The U.S. Supreme Court opened its fall term on October 1, 2018, with the famous “frog case” out of Louisiana. That’s where federal regulators declared more than 1,500 acres of private land as a critical habitat for the dusky gopher frog—a species not seen in the state for more than 50 years. PLF client Edward Poitevent owns 95 percent of the land in question. He was a party in the case filed by Weyerhaeuser Company, which owns the rest of the property. Neither the Endangered Species Act nor congressional intent justifies such government-sanctioned property theft. In a unanimous decision, the High Court agreed that the Fish and Wildlife Service illegally overstepped its authority with the critical habitat designation.
Edward Poitevent’s family has owned land in Louisiana since the end of the Civil War. The land in St. Tammany Parish is rich in lumber and is the major source of his family’s livelihood. In 1953, after nearly losing their property during the Great Depression, the Poitevent family signed a 90-year lease which has allowed the family to keep the land. And in the 1990s, Weyerhaeuser Company acquired the Poitevents’ lease for its timber operations.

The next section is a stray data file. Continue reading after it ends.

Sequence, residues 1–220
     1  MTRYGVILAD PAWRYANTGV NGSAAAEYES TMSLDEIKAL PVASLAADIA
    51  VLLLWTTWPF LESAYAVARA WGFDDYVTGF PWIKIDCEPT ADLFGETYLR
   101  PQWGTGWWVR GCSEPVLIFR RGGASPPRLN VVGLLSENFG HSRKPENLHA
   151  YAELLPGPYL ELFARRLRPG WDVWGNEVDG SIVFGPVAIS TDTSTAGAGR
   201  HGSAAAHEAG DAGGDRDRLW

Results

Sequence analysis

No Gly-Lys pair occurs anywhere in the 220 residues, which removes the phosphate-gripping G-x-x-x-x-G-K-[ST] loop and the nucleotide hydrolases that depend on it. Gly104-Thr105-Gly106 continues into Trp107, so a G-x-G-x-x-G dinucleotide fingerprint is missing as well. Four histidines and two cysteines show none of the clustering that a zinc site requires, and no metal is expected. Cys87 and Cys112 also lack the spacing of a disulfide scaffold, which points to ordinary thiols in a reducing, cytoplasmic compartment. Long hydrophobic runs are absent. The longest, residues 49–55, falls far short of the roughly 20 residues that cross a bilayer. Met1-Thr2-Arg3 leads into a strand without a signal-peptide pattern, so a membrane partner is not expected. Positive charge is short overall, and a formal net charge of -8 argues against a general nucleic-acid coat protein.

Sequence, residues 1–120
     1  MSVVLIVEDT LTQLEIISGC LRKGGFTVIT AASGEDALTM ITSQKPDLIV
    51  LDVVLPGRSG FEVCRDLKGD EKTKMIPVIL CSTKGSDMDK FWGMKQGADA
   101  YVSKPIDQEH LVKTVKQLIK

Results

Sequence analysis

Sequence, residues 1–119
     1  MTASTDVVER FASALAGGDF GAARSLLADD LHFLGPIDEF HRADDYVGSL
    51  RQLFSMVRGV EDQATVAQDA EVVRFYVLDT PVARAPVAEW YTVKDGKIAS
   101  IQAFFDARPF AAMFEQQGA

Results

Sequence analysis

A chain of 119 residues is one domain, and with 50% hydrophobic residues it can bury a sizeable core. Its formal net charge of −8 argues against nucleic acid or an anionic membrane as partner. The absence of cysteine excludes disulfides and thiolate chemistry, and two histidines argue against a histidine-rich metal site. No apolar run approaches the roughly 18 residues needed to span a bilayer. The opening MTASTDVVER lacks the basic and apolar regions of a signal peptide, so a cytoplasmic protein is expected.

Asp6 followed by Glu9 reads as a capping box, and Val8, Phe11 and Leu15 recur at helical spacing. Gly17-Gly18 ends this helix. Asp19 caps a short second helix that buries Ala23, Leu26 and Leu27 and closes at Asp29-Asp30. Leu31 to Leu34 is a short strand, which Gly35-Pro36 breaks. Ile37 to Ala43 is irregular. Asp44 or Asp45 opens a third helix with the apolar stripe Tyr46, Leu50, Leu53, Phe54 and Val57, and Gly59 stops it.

Edward considers the land as much more than an investment. “It’s like a piece of family silver or a treasured piece of art. It’s a family asset and I’d love to be able to pass it on to my own children,” he says.
But in 2012, under cover of the Endangered Species Act, the U.S. Fish and Wildlife Service declared more than 1,500 acres of property owned by Edward and Weyerhaeuser a critical habitat for the dusky gopher frog.
No one in the entire state of Louisiana has spotted the frog in 50 years. The only place the frog is found today is nearly 70 miles away from Edward’s property in Mississippi. In fact, the critter’s official name was the Mississippi Gopher Frog until 2012—right about the time bureaucrats arbitrarily decided that if Edward drastically overhauled his property—at his own expense—the frog might be able to survive in Louisiana too.
By locking down land on behalf of a frog that doesn’t live there, the feds froze an estimated $34 million in economic activity. Nor can Edward use his own land for anything else in the future—a literal death knell to his property rights.
If overreaching government agents can do this to Edward, they can designate any piece of land a critical habitat for practically any animal. No one’s land is safe.
PLF has fought for Edward and his family business, Markle Interests, LLC, since the beginning, when the feds first forced their way onto his property with their bogus designation. On October 1, 2018, Edward took his fight to the U.S. Supreme Court as party to a separate case filed by Weyerhaeuser.
In a unanimous decision announced November 27, 2018, the High Court agreed with Edward that the Fish and Wildlife Service illegally overstepped its authority with the critical habitat designation.